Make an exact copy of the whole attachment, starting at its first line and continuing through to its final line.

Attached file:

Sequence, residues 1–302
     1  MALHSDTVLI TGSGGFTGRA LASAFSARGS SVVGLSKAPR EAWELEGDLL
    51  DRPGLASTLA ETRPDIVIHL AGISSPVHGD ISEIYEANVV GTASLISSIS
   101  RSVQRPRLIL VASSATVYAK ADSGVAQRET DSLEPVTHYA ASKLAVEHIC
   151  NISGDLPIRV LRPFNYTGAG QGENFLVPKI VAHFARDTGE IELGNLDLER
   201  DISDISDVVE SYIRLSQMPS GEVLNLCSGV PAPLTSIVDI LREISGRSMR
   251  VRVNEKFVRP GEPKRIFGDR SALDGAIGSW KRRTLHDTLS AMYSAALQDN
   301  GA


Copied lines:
Sequence, residues 1–302
     1  MALHSDTVLI TGSGGFTGRA LASAFSARGS SVVGLSKAPR EAWELEGDLL
    51  DRPGLASTLA ETRPDIVIHL AGISSPVHGD ISEIYEANVV GTASLISSIS
   101  RSVQRPRLIL VASSATVYAK ADSGVAQRET DSLEPVTHYA ASKLAVEHIC
   151  NISGDLPIRV LRPFNYTGAG QGENFLVPKI VAHFARDTGE IELGNLDLER
   201  DISDISDVVE SYIRLSQMPS GEVLNLCSGV PAPLTSIVDI LREISGRSMR
   251  VRVNEKFVRP GEPKRIFGDR SALDGAIGSW KRRTLHDTLS AMYSAALQDN
   301  GA